|italiane del secolo XVII (Milan, n.d.); G. Benvenuti, Diciassette arie (Milan, 1922); K. Jeppesen, La flora, iii (Copenhagen, 1949),|

|10–11; 2 ed. C. Sabatini (Milan, n.d.); 1 ed. in FortuneISS, appx iv, 18–19 |

|Il quinto libro delle musiche, 1–3vv (Florence, 1619); some ed. A. Parisotti, Arie antiche, iii (Milan and Rome, 1885–1900/R); G. |

|Benvenuti, Diciassette arie (Milan, 1922); 2 ed. K. Jeppesen, La flora (Copenhagen, 1949), ii, 14; iii, 12; 1 ed. in Racek, 236ff |

|Musiche … libro sexto, con l’alfabbeto della chitarra spagnuola, 1–3vv (Venice, 1619); some ed. G. Benvenuti, Diciassette arie |

|(Milan, 1922); 1 ed. G. Adler, Handbuch der Musikgeschichte (Frankfurt, 1924), 378–9 (rev. 2/1930/R), 438–9, and in Clercx, 105ff; 1|

|ed. in Mw, xxxi (1968; Eng. trans., 1968), 32, 1 ed. Fabris (1987), 171–7 |

|7 motets, I-NF (see Fabris 1987, 167–8) |

|Sacrae modulationes, 5–6vv (Venice, 1619) |

|  |

|Musiche [4 vols.] (1616–19), lost |

|Madrigali, 5, 10vv (1619); lost, cited in RiemannL 11, MGG1 (A. Damerini) and LaMusicaD |

instrumental

|Il primo libro di canzone, sinfonie, fantasie, capricci, brandi, correnti, gagliarde, alemane, volte, 1–3 vn, va, or other |

|insts, bc (Naples, 1650); 7 ed. in AMI, vii (1908), 106ff 2 ed. Fabris (1987), 180–2 |

|29 works for archlute, 1620–40, I-PEas (facs. (Florence, 1988)) |

|2 dances, lute, 1610–30, I-PESc (1 ed. Fabris, 1987, 178–9) |

|4 dances, vl, bc, inc. (vl part lost), F-Pc |

BIBLIOGRAPHY

BertolottiM

FortuneISS

LaMusicaD

MGG1 (A.Damerini)

R. Pico: Appendice di varii soggetti parmigiani: aggiunte II all’Appendice (1642)

L.-F. Valdrighi: ‘Cappelle, concerti e musiche di casa d’Este’, Atti e memorie delle RR. Deputazioni per le provincie modenesi e parmensi, 3rd ser., ii (1883), 415–94, esp. 433, 480

G. Gasperini: ‘Noterelle su due celebri liutisti al servizio della Casa Farnese’, Archivio storico per le provincie parmensi, new ser., xxii (1922), 457–65, esp. 460ff

N. Pelicelli: ‘Musicisti in Parma nel secolo XVII’, NA, x (1933), 233–48, esp. 235–6

S. Clercx: Le Baroque et la musique (Brussels, 1948/R), 105ff

R. Giazotto: La musica in Genova (Genoa, 1951), 171–3, 178

N. Fortune: ‘Italian Secular Monody from 1600 to 1635: an Introductory Survey’, MQ, xxxix (1953), 171–95

J. Racek: Stilprobleme der italienischen Monodie (Prague, 1965), 15–16, 75–6, 102, 107, 142ff, 161–2, 211, 225–6, 236–7

F. Hammond: ‘Musicians at the Medici Court in the Mid-Seventeenth Century’, AnMc, no.14 (1974), 151–69, esp. 168

D. Fabris: ‘Un manoscritto per liuto di Andrea Falconieri: l’intavolatura dell’Archivio di stato di Perugia’, Il flauto dolce, x–xi (1984), 41–7

D. Fabris: Andrea Falconieri napoletano: un liutista-compositore del Seicento (Rome, 1987) [incl. list of works]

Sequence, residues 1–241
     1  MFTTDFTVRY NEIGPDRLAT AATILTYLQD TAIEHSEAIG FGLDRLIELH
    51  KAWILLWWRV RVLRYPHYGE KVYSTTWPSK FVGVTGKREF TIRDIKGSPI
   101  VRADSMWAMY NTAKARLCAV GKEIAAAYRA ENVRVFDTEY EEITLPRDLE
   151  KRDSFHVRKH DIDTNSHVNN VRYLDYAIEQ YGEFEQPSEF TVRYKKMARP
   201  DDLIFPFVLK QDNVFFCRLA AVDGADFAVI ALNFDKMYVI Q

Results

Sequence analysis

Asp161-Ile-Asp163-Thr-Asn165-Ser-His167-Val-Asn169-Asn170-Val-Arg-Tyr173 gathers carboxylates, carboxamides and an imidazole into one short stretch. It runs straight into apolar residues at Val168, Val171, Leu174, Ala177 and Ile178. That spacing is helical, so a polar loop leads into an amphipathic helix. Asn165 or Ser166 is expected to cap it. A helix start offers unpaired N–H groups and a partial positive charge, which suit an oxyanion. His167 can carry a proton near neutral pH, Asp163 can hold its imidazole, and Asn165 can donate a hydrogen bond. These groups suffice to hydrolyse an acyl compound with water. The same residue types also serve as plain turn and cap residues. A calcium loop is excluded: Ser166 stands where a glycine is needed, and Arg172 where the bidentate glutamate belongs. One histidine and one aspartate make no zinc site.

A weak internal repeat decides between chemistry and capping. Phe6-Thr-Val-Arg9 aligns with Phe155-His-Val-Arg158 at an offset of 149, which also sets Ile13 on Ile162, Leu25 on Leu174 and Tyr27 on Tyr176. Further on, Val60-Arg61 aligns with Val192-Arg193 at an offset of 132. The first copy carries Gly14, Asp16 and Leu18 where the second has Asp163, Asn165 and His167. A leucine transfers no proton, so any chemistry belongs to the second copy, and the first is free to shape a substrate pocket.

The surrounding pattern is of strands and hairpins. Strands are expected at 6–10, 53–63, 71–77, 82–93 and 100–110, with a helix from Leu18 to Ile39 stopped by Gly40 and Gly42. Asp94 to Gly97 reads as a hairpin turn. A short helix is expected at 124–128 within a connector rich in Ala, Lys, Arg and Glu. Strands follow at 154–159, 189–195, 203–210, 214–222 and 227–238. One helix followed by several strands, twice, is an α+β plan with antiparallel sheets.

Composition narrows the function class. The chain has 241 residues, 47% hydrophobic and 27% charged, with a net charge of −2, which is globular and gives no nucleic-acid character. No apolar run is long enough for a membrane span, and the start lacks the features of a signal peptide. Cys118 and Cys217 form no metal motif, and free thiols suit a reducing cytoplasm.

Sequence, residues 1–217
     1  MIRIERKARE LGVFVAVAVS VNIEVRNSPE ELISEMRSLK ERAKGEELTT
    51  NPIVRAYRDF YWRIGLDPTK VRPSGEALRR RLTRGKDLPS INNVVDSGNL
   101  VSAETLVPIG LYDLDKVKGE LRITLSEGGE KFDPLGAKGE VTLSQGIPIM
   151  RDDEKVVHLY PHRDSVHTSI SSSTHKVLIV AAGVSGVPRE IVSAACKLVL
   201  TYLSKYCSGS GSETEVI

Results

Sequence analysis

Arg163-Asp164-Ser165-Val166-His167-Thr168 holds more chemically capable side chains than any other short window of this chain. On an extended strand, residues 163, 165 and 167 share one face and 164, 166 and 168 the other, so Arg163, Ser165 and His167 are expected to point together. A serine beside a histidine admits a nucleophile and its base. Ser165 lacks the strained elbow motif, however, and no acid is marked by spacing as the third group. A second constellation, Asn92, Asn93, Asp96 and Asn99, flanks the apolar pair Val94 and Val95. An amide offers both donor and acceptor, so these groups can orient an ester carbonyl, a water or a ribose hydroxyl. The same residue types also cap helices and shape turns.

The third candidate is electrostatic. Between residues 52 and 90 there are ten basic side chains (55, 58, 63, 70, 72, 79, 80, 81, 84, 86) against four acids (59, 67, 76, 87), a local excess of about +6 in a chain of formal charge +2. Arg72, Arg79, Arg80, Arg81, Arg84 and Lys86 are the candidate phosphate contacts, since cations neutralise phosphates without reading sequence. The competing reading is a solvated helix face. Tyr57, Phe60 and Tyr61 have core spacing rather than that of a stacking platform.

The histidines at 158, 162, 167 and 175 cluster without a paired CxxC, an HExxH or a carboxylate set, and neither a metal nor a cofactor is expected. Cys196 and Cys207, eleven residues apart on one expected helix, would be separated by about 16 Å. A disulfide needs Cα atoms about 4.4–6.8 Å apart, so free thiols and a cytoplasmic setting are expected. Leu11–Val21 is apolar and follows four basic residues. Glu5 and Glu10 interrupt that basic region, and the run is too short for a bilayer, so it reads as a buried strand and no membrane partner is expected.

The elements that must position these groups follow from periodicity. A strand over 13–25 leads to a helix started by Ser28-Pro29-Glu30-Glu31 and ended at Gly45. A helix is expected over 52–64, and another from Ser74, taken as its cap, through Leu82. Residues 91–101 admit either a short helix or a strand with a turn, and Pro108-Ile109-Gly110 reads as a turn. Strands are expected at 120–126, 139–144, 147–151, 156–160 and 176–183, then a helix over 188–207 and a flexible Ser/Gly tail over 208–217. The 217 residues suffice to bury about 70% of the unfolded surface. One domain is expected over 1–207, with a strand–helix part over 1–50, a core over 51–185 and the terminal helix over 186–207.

U. Nensi: ‘Il manoscritto B. 10 del Conservatorio “G. Rossini” di Pesaro’, Il Fronimo, xvii (1989), 39–59

V. Coelho: Manuscript Sources of Seventeenth-Century Italian Lute Music (New York, 1994)

F. Hammond: Music & Spectacle in Baroque Rome: Barberini Patronage under Urban VIII (New Haven, CT, 1994), 65–6

J.W. Hill: Roman Monody, Cantata, and Opera from the Circles around Cardinal Montalto (Oxford, 1997), 140, 190

COLIN TIMMS

Falconieri, Phelipe [Felipe].

See Falconi, Philipo.

Falconio [Falconi], Placido

(b Asola; fl 1549–88). Italian composer. He entered a Benedictine monastery in Brescia in 1549 and, according to the title-pages of his published works, was later a monk at the abbey of Monte Cassino. The dedication of his Psalmodia vespertina stated that, together with Costanzo Antegnati and Giacomo Pallavicino, Falconio had music type from Venice introduced into Brescia. The Sacra responsoria, composed for equal voices, also contains directions for performance with mixed voices, thus showing a concern with accessibility that is characteristic of many of his published collections. The Voces Christi and Turbarum voces of 1580, both containing simple settings for Holy Week that could have been performed by modest provincial church choirs, are similar in style; much use is made of the most unadorned homophony, particularly in setting the frequent dialogue sections. A similar approach characterized the Responsoria hebdomadae sanctae, another consequence of Falconio’s deep interest in musical exposition of the events of the Passion. His Introitus et Alleluia is a very early example of a collection published together with a part for basso continuo. These works are more contrapuntal in manner; published rather grandly, in choirbook format, they are dedicated to Giulio Feltre della Rovere, Cardinal of Urbino. Martini selected one of the introits from this collection as an example of skilful counterpoint.